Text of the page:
Clare was born into a Quaker family, the youngest child of Henry Wilson, a psychiatrist, and his wife, Ruth, a founding member of the Marriage Guidance Council (now Relate). She grew up in St John’s Wood, London, with a view to Lord’s cricket ground. A peripatetic school career culminated in her studying history at St Anne’s College, Oxford, from 1955 to 1958.

My friend Clare Currey, who has died aged 79, put her considerable intellectual and organisational skills to good use, whether offering help at a Citizens Advice bureau or supporting writers who have changed the way people perceive Africa.

At university, Clare met James Currey. After marrying in 1962, they headed to Cape Town, where James had a position with Oxford University Press. Always a meticulous record taker, in 1964, Clare observed and recorded the final stages of the Rivonia Trial which led to the imprisonment of Nelson Mandela and other ANC leaders.

Typically, Clare reflected as much on the human impact on those attending the court – in particular the wives of the accused – as on the legal process itself. Later in 1964, involved in non-violent work against apartheid, and faced with certain detention after helping their friend, Randolph Vigne, a founder member of the African Resistance Movement, to evade arrest, the Curreys fled South Africa. It was more than two decades before they were able to return.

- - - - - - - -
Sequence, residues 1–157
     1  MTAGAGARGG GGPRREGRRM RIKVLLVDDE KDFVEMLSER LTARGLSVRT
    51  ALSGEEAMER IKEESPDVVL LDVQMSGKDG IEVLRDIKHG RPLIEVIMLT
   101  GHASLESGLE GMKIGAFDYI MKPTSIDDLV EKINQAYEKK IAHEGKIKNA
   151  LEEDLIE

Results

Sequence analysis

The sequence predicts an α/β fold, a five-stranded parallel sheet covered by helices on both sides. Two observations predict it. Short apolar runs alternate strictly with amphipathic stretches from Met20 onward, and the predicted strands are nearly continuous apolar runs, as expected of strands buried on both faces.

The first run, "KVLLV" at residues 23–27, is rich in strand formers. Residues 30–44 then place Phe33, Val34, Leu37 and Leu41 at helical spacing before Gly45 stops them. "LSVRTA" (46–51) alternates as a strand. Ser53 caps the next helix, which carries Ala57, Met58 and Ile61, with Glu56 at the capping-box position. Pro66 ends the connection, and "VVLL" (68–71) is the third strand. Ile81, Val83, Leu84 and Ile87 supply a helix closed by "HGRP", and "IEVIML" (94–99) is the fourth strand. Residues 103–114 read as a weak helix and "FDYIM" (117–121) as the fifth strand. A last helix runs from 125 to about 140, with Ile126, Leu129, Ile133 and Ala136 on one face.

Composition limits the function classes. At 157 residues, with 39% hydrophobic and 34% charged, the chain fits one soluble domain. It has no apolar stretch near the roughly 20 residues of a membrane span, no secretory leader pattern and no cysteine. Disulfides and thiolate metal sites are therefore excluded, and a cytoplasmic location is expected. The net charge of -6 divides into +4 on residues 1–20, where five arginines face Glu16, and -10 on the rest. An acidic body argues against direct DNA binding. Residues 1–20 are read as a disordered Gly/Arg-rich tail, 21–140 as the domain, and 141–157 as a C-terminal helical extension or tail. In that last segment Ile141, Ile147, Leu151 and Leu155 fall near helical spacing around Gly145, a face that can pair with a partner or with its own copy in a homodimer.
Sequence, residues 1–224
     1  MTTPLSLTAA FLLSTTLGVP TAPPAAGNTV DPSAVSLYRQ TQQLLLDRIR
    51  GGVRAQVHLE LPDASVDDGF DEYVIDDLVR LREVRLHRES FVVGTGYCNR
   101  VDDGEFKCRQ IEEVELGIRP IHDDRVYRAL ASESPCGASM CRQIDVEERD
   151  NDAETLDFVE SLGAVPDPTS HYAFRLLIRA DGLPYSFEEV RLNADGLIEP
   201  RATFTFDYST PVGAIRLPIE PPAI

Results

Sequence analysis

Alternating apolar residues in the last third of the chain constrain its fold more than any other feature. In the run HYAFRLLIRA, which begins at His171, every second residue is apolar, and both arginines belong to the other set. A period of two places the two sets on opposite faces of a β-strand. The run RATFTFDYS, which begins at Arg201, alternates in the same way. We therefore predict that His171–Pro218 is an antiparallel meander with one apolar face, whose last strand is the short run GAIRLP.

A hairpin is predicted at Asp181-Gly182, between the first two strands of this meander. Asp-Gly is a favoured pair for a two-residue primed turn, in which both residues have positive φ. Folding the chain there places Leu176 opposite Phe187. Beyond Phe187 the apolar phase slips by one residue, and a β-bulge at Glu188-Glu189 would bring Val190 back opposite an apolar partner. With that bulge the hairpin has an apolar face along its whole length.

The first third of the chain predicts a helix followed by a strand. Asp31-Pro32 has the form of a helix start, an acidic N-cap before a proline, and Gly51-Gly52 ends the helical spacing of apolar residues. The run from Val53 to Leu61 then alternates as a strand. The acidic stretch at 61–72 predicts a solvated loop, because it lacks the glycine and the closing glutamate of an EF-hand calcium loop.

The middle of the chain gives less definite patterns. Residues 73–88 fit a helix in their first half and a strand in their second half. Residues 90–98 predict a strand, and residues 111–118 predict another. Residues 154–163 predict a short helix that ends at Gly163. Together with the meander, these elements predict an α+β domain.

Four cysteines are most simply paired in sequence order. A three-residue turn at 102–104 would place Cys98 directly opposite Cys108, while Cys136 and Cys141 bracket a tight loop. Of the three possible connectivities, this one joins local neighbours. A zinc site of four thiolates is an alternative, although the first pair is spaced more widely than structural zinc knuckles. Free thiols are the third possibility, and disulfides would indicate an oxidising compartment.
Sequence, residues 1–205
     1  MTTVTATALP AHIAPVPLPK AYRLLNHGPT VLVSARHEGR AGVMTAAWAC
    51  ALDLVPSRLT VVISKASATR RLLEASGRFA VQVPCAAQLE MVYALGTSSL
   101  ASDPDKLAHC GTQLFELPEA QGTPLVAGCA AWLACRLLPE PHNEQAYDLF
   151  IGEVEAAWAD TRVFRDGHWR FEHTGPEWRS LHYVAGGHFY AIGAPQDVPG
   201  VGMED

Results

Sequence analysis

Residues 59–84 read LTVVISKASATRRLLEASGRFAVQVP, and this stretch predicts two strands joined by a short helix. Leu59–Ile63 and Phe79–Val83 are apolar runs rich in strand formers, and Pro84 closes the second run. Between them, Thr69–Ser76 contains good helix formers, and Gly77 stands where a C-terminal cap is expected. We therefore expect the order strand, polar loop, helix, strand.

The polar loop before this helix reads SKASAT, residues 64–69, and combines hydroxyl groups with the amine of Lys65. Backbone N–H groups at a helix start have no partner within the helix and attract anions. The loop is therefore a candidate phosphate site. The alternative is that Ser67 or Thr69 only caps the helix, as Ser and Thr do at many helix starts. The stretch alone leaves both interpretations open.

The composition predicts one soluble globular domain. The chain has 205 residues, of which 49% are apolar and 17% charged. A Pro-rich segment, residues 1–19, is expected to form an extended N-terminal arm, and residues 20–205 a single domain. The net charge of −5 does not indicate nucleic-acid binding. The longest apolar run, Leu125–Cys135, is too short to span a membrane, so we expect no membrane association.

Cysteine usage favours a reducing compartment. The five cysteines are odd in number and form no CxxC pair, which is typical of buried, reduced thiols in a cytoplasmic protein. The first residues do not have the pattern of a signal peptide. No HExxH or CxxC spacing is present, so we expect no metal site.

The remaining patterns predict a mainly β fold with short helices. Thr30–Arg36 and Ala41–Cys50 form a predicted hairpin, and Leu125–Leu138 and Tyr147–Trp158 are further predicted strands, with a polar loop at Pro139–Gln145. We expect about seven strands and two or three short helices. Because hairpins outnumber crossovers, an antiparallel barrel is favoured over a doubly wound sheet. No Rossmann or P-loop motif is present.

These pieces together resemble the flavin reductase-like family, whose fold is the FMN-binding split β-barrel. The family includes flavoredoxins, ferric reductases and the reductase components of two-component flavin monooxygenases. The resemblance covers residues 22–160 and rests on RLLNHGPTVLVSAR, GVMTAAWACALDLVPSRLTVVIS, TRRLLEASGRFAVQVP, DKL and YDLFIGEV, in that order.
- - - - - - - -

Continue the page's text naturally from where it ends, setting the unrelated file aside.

James became a key figure in developing the African Writers Series for Heinemann, and then, encouraged by Clare, set up an eponymous imprint to publish books specialising in African history and politics. Visitors to their flat in Islington, north London, navigated stacks of books and remember Clare’s encouragement and lunches. The Curreys worked together at conferences worldwide to promote their books, finding new authors and, always, new friends.

Women were often at the centre of Clare’s concerns, particularly women in education. Living in rural Hertfordshire in the 1970s, she encouraged women who might not otherwise have considered doing so to join her in taking A-levels at the local school. She also started a playgroup, and before the concept became widely fashionable, co-founded one of the first reading groups in Britain in the late 1960s. In recent years Clare conjured up a series of remarkable speakers for the University of the Third Age in Oxford.

She is survived by James, her children, Hal and Tamsin, four granddaughters and her brother, Lyn Wilson.

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